Textile Society of America


Date of this Version



Published in Textile Society of America 2014 Biennial Symposium Proceedings: New Directions: Examining the Past, Creating the Future, Los Angeles, California, September 10–14, 2014,


Copyright 2014 by the author(s).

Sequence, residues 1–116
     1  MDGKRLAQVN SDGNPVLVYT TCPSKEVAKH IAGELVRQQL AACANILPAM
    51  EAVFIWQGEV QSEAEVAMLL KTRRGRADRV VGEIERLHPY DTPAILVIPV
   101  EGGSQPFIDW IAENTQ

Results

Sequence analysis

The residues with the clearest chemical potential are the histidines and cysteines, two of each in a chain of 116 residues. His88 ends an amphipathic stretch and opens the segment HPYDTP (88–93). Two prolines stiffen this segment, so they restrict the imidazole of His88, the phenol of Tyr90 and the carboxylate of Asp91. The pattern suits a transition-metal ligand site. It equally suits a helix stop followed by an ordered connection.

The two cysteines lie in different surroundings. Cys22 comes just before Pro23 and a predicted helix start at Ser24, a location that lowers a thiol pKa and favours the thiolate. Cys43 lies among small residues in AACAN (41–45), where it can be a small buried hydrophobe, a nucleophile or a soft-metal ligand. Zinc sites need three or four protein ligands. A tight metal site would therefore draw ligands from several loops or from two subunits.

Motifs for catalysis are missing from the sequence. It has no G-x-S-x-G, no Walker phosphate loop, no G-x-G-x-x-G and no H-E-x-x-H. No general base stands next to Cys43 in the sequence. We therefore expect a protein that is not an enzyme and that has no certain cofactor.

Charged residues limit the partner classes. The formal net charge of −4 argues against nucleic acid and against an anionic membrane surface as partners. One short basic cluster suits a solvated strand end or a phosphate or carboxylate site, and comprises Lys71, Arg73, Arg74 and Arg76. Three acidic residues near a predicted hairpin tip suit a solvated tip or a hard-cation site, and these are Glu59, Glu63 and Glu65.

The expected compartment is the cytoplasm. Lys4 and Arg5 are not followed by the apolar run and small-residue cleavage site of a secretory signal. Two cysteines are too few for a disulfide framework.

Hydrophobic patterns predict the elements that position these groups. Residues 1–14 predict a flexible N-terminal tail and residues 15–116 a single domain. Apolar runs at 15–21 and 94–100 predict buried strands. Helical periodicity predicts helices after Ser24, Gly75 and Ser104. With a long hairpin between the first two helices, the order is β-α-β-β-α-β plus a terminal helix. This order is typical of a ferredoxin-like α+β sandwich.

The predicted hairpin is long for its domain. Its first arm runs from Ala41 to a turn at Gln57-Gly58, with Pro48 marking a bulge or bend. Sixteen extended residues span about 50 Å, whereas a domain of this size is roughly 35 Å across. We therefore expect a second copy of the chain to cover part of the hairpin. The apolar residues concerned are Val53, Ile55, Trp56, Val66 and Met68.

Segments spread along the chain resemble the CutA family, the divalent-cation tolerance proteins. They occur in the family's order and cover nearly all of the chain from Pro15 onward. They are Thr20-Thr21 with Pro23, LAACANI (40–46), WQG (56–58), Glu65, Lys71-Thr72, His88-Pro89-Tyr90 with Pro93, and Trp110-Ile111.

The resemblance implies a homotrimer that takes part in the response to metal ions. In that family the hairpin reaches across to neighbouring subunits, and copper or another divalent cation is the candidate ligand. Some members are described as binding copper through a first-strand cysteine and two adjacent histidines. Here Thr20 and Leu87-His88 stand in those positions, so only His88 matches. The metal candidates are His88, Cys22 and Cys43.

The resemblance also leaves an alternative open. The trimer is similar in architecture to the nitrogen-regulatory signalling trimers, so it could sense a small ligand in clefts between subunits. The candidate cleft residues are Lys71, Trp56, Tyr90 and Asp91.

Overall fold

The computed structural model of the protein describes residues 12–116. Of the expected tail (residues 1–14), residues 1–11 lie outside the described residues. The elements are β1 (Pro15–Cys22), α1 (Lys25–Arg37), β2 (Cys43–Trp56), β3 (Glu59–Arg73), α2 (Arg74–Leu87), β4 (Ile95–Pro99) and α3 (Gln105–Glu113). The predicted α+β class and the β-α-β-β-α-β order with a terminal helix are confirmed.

A community of block printers and dyers in the Indian state of Gujarat has concentrated upon producing religious textiles for nomadic groups. These unique textiles, known as Mata Ni Pachedi, fulfill the need for a religious representation/environment for groups who have no permanent settlement and thus need to construct temporary shrines for their religious ceremonies. The brilliant red, white, and black cloths portray events from the Mother Goddess tradition. Her depiction as the central and by far the largest representation, as well as the Hindu God Ganesh, distinctively identifies these religious cloths. Since the cloths need to be dried in the sun to set their colors after they are block printed and painted, work on them traditionally was done, literally, on the sidewalks of Ahmedabad, the largest city in Gujarat. Joan Erikson in 1968 published “Mata Ni Pachedi” on these religious textiles as part of work she undertook at the National Institute of Design in Ahmedabad. In 1984 Katherine F. Hacker and Krista Jensen Turnbull included Mata Ni Pachedi in the exhibition “Courtyard, Bazaar, Temple: Traditions of Textile Expression in India” they organized at the Costume and Textile Study Center of the University of Washington. Western knowledge of this distinctive folk religious textile seemed established. Yet Beverly Gordon’s 2011 Textiles: the whole story: uses, meanings, significance on pages 260-1 contains two illustrations showing that the iconography and colors of Mata Ni Pachedi have been completely and totally transformed. The distinctive red, white, and black palette has been enriched by additional colors, the folk depictions of the life of the Goddess have been completely changed, a completely new religious/artistic sensibility has evolved. This paper investigates the earlier tradition and its contemporary re-incarnation.

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